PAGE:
News from the Priest May

Dear Friends in Christ,

Here’s a question for the merry month of May:

Who Is My Neighbor? (Luke 10:30-37)

When Jesus preached or was asked a question, he often responded with a parable. One example of this is the parable of the Good Samaritan. When asked, “Who is my neighbor?”, rather than respond with a direct answer, Jesus used the parable as a way of enabling his listeners to realize the answer for themselves. This parable has become so familiar that the term “Good Samaritan” is now a common expression. To call someone a Good Samaritan is a way of saying they helped those in need. In this passage, Jesus illustrates the qualities of a good neighbor by telling the story of a man who helped a poor stranger who had been robbed.

The parables of Jesus often defied people’s assumptions and prejudices; in this one, Jesus challenges our understanding of the word “neighbor.” We all know that it means someone who is very near. Sadly, we live in a time when, rather than loving our neighbor, many people choose to isolate themselves from those who are near to them. Whether through the excessive use of technology or social media, or the desire to separate ourselves from those whose faith, politics, or morals differ from our own, many people are increasingly reluctant to connect with and be present to those who are nearby.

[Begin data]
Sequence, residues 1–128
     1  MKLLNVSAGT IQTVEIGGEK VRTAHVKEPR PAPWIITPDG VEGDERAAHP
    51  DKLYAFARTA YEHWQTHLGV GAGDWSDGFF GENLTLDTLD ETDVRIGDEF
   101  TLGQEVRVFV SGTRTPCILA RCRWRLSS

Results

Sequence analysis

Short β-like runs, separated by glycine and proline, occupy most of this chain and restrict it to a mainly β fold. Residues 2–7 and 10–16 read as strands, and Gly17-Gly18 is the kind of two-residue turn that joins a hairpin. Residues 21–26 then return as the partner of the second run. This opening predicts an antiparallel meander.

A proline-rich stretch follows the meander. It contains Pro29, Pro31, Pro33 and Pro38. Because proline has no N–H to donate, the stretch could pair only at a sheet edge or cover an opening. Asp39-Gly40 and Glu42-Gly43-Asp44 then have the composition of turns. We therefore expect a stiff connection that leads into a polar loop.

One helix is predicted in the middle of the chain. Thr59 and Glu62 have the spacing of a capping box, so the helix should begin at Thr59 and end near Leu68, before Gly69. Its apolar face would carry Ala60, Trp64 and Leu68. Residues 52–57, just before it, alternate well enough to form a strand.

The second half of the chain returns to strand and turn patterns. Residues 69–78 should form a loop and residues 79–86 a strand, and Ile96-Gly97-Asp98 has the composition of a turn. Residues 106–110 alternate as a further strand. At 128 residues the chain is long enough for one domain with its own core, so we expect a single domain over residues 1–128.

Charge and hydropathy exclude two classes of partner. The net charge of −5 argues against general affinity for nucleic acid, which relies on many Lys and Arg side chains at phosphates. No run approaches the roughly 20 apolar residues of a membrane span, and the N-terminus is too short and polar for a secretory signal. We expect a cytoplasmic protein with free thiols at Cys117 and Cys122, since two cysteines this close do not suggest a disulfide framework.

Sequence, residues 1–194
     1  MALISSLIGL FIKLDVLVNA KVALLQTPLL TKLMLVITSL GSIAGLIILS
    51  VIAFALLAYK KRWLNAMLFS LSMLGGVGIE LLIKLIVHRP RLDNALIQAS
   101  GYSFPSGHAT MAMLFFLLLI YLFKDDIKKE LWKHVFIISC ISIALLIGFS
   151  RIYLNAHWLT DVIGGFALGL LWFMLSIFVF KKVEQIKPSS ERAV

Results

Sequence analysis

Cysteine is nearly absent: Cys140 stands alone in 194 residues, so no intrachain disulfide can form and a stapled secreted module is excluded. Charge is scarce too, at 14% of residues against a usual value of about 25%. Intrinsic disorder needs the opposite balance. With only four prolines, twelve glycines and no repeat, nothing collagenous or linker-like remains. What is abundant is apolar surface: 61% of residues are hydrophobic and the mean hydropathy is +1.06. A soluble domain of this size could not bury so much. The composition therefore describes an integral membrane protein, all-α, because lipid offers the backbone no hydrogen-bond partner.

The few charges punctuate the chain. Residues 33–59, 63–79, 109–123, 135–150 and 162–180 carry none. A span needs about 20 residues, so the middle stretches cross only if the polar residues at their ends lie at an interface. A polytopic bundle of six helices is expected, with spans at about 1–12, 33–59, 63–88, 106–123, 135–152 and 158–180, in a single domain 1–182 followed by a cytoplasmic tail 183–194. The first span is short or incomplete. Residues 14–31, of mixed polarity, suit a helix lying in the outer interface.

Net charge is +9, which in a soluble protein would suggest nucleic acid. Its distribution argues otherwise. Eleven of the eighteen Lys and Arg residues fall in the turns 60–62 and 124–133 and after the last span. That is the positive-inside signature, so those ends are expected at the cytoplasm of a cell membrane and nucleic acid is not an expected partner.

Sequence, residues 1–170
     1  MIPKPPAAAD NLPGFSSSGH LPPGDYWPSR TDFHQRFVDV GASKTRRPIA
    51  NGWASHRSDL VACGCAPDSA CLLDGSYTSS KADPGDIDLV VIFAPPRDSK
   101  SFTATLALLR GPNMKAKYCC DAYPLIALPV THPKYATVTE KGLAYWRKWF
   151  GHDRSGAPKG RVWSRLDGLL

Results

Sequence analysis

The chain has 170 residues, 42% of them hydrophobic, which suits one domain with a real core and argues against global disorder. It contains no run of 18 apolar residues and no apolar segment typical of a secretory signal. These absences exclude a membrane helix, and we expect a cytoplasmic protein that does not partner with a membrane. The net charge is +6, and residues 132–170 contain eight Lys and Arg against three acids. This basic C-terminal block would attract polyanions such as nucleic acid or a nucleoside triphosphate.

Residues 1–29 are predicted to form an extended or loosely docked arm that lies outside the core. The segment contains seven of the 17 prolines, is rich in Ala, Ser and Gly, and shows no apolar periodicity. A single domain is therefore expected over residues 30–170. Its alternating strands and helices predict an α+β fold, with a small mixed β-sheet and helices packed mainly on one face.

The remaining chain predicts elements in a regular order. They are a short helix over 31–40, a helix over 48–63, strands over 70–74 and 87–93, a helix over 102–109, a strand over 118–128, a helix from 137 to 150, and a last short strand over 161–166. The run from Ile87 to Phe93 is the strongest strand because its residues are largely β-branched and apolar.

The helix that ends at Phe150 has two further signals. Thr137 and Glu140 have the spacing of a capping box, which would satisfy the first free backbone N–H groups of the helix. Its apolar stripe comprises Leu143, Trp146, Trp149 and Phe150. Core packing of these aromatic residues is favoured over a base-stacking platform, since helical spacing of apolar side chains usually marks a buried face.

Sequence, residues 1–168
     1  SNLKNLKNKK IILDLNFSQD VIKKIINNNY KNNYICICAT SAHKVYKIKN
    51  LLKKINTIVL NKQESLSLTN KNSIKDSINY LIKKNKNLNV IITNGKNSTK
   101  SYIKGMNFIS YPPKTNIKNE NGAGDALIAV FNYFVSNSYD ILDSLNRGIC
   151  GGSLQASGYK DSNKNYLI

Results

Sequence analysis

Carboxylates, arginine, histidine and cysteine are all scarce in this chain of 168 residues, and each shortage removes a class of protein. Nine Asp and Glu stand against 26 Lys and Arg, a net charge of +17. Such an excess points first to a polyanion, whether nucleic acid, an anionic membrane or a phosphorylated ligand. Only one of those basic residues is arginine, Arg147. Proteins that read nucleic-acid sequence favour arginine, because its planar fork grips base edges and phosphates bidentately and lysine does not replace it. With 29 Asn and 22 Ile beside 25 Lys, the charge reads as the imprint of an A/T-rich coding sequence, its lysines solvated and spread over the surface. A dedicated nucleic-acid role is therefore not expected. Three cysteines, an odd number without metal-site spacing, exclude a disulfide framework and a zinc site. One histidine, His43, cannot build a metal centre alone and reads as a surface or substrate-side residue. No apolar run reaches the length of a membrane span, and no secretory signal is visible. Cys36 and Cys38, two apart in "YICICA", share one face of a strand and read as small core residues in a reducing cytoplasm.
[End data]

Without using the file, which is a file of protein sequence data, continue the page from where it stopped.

Jesus, on the other hand, has shown himself to be so much more than just someone who is near to us. Through his earthly ministry, his sacrificial love, his death and resurrection, Jesus has given himself to take away the sins, the darkness, and the isolation of the world from its Creator. Through the gift of the Holy Spirit, he has bound us together as the Body of Christ. 

The good neighbor in this parable is a Samaritan, a people who were looked down on by the Jews of Jesus’ time. They were considered heretics and traitors. Those who listened to Jesus tell this story would have been very surprised that the hero came from such a poorly regarded group of people. Who are the people in our time who we are too quick to judge? Who are the people who we too easily assume are incapable of being good neighbors? 

Our neighbors might disagree with us or live lives that we disapprove of, but we are still called to love them. The Samaritan reminds us that those who are different may nonetheless have many Christ-like qualities. In other words, the person we assume would be the least likely to help is actually the one who not only helps, but goes far beyond our ordinary expectations of helpfulness. That is what the Good Samaritan did in the parable. That is What Jesus did for humanity in a much greater way. 


Blessings,

Fr. Ron

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